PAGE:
equifax are indeed piling up. that is right, this particular security issue not a huge deal. the market didn't take it that seriously. they got a didn't take it that seriously. they gota rap didn't take it that seriously. they got a rap over the knuckles from investors and closed down around 1.596. investors and closed down around 1.5%. really, the issue is that equifax has form. as a credit agency, its sitting on a mountain of data. that makes people particularly sensitive when there is a security issue. voluntarily, it's the cost of having a credit card or loan. the credit card people are issuers. they keep it on files they can assess
1:36 am
your creditworthiness later. it is not really information we give up happily. it is the price of having some kind of finance. when an agency like equifax has a very big data breach, it's understandable that people get a little angry about it. i think certainly, there is probably a lot more of this to come and a lot more scrutiny. the public feels strongly about this. probably equifax‘s clients and regulators will as well. it is worth watching. privacy is key and the equifax saga continues. timothy mcdonald, thank you for the update. moving out of pakistani and the western port city of gwadar is now the site of billions of dollars of chinese investment, the linchpin of a project connecting western china to the arabian sea, cutting thousands of miles off from trading routes between china, the middle east and
1:37 am
africa. evidence of chinese investment in gwadar isn't hard to find. the work you is being financed by a state—owned chinese company in exchange for concessions to the port for 40 years. this port is very much a work in progress but by 2022, the plan is for it to be able to handle around 30 million tons of cargo. along with rehabilitating the port, and economic free zone has been constructed here as well as a new connecting road, airport and power plant. they are either being built as grants or interest—free loans and thatis as grants or interest—free loans and that is because gwadar port is the heart of the multibillion—dollar china— pakistani economic corridor that will drastically cut the journey time for chinese exports and imports to and from the middle east. in exchange, pakistan is benefiting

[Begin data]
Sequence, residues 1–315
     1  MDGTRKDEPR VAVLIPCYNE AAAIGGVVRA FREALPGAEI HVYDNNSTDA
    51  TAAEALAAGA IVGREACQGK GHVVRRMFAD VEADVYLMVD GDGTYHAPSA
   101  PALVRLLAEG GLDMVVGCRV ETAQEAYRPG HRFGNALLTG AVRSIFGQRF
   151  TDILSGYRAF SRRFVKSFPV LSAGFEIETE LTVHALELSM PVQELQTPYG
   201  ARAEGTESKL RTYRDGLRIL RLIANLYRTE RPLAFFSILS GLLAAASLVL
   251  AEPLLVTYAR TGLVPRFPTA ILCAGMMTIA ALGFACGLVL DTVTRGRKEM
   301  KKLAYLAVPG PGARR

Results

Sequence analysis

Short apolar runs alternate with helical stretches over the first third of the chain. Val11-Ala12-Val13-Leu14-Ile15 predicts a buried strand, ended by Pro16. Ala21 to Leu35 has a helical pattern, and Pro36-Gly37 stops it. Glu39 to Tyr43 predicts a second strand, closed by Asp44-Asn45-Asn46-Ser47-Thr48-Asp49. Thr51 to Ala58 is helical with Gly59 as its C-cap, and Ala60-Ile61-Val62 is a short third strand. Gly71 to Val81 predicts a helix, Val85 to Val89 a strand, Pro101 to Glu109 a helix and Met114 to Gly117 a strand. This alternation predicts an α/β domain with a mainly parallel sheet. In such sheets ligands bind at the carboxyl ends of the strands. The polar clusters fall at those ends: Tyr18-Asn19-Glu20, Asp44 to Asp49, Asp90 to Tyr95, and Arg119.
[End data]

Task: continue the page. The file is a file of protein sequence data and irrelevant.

1:38 am
from infrastructure projects across the country. this is where the economic corridor is. road network, railway network, air—traffic, the entire nation is welcoming, getting benefits out of it. the key concern here is security. the province we are in has been host to a long—running nationalist insurgency and other parts of the province have seen attacks by jihadist and other parts of the province have seen attacks byjihadist groups including the so—called islamic state. as a result the 300 or so chinese workers working on the port are heavily guarded by the armed forces and they live here in secure accommodation in the port. there are also questions about how much the local community in gwadar will benefit. despite investment, residents here lack of basic facilities. translation: when it
1:39 am
rains, we have water. when it doesn't, we have to rely on water tankers. translation: we are happy about the work but local people aren't being offered jobs. officials say they are working to resolve theseissues say they are working to resolve these issues and the project will bring newjobs and opportunities. the portable start operating next year but the aim is to turn this down into a regional trading hub and that will take decades. —— the port will start. can you imagine doing your weekly grocery shopping in the store with no assistance? no way of paying with cash. developments with self—driving vehicles, mobile payments and data analysis are all contributing to big changes in the world of retail. we have been meeting some of the companies whose ideas could revolutionise the way you shop.